In about a month, the Jewish community will again gather, each in their own way, to welcome the year 5777. The month prior to the new year, Elul, is a month in which we are called upon to begin to turn our souls to the challenge of reflection; a preparation for the Holidays and new year. Elul begins Sept 4. There are so many themes to this time of year. This year, I would like to take a look at four values that, in many ways, may be considered part of each of our hope for the coming year. Elul is a perfect time to do this. The values are health, healing, wholeness and holiness. They can form an interesting foundation for living life in the coming year and each has a strong basis in our tradition.
One of the most desired of prayers for each of us for the coming year is health. We all are living with the knowledge of the increasing fragile nature of life. We are coming to know that staying healthy is a key to living life. If we loose health, we loose so much. Our tradition is filled with texts that underscore this. A favorite is a Midrash from Leviticus Rabbah that speaks of Rabbi Hillel and his going to the bath house to do a religious act; that of bathing his body. The Midrash speaks to Hillel saying that his body, which was created by God, is sacred and keeping it clean and healthy is thus a religious duty. (Leviticus Rabbah 34:3) The functioning of the body, a true miracle, is celebrated each day in every prayer book. The “veins and arteries” prayer that appears in the morning service speaks to the need to give thanks that the “veins, arteries and vital organs” function as a finely balanced system. The prayer understands that if this system were to fail, we would be unable to function or, “to stand in life before You”. The theology is, as with Hillel, the belief that since our bodies come as a gift from God, we need to give thanks for them and, have a religious duty to take care of them, watching what we put into them and keeping them healthy.
A study of texts on health will bring you to the writings of Maimonides (12th century) who was a practicing physician as well as scholar and whose writings speak to the Jewish apprach to medicine which is holistic in nature. A reading of some of his writings shows his belief that before you examined the physical concern of a patient, you needed to examine in detail the psycho-spiritual issues that the patient was desling with. “First the physician needs to obtain a clear understanding of the patient’s subjective world and secure a diagnosis of the patient’s psychological distress…Only after the ‘psychological workup’ can the physician begin with a medical intervention”. (“Moses Maimonides: Physician, Scientis and Philosopher”: Rosner/Kottek.eds. Jason Aronson.. 1993. 167.168). Maimonides also wrote on the value of exercise in an essay “Preservation of Youth”. He linked body movement to mental and physical well being noting that “no movement is as beneficial…as body movements and exercise”. Judiasm’s view that medicine is a holistic modality, a linkage between mind, body and spirit, is of increasing importance in today’s world. Increasingly, studies show this inter-connection.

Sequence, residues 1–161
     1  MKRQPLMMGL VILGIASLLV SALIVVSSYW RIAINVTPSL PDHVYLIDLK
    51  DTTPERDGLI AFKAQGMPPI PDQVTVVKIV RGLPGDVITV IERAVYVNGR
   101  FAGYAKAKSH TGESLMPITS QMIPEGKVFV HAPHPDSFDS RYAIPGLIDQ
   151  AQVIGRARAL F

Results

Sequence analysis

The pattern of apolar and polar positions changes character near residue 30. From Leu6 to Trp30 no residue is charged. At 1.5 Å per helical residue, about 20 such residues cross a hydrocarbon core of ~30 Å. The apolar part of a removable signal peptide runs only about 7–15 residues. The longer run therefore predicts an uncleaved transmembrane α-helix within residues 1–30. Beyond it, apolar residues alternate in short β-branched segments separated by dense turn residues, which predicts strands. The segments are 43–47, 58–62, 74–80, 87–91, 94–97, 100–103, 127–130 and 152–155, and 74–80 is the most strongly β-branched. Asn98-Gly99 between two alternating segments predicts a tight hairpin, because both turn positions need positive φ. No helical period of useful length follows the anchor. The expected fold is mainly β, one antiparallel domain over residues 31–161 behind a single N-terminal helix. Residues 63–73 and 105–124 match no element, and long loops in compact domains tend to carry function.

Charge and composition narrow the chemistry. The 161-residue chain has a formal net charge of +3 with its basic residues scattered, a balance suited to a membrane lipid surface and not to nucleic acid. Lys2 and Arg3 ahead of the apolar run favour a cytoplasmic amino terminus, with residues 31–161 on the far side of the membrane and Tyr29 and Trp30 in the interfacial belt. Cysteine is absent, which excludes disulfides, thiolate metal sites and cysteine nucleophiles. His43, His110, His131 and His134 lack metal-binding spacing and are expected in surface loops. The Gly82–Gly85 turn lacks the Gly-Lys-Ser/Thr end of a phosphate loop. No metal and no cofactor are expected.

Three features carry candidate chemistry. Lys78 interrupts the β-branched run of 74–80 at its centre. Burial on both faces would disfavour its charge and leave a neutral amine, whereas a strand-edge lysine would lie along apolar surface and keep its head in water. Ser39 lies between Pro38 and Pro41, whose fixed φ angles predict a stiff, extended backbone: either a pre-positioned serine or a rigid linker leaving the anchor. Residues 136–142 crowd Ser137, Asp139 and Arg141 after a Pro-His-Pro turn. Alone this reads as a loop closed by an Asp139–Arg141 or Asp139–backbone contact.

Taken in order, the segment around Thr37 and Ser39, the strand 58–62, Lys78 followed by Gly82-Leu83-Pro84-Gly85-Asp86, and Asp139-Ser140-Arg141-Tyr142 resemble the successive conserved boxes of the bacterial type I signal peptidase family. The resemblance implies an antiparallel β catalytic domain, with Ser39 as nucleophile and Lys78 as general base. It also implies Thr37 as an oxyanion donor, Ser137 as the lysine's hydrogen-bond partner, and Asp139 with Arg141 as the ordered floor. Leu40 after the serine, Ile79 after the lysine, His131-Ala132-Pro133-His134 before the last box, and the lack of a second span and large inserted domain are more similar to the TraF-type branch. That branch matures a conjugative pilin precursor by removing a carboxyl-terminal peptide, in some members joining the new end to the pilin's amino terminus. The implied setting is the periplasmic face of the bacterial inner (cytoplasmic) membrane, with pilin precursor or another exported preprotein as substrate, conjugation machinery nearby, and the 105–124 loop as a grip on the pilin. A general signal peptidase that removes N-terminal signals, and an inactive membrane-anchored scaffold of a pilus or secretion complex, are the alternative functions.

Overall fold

Much of health may be out of our control. Yet, Jewish tradition teaches us that we can engage in some aspect of self care by understanding that there is a link in how we treat out bodies and health, to how we see our own self. The idea of being “in God’s image” can be interpreted in a very Jewish way, of having the mandate to see our bodies as sacred. In that sense, we have, as Hillel noted, a religious duty to take care of this body, to practice healthy lifestyles and engage in healthy choices. And, it is never too late to begin such a practice. As we approach this new year, this month of Elul when we begin to think about what changes and hopes we can have for the coming year, why not consider how oyu can enhance life by examining ways in which each of us can practice making choices that celebrate health and thus enhance life. For as we all know, without a sense of health, physical as well as mental, life can be a challenge and our hopes and dreams can often by short circuited. It is our life, the only one we have.
Rabbi Richard F Address.
NOTE: If you or your congregation wants more information/resources on developing a program on health and wellness, feel free to contact Jewish Sacred Aging for material.
Rabbi Richard F. Address, D.Min, is the Founder and Director of www.jewishsacredaging.com. Rabbi Address served for over three decades on staff of the Union for Reform Judaism; first as a Regional Director and then, beginning in 1997, as Founder and Director of the URJ’s Department of Jewish Family Concerns and served as a specialist and consultant for the North American Reform Movement in the areas of family related programming. Rabbi Address was ordained from Hebrew Union College-Jewish Institute of Religion in 1972 and began his rabbinic career in Los Angeles congregations. He also served as a part time rabbi for Beth Hillel in Carmel, NJ while regional director and, after his URJ tenure, served as senior rabbi of Congregation M’kor Shalom in Cherry Hill, NJ from 2011-2014.